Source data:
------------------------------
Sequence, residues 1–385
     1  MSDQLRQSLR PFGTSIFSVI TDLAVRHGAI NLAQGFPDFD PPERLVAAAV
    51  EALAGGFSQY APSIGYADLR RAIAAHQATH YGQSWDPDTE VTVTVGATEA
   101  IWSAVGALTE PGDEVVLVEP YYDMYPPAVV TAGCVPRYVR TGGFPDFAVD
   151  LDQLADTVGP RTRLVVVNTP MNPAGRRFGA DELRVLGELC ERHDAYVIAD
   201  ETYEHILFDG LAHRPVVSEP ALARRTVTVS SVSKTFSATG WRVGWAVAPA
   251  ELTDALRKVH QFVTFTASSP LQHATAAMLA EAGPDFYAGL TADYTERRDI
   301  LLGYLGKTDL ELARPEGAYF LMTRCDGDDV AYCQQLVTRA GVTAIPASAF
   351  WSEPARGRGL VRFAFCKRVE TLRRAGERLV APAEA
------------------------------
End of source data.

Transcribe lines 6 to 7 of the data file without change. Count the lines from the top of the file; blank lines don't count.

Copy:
   201  ETYEHILFDG LAHRPVVSEP ALARRTVTVS SVSKTFSATG WRVGWAVAPA
   251  ELTDALRKVH QFVTFTASSP LQHATAAMLA EAGPDFYAGL TADYTERRDI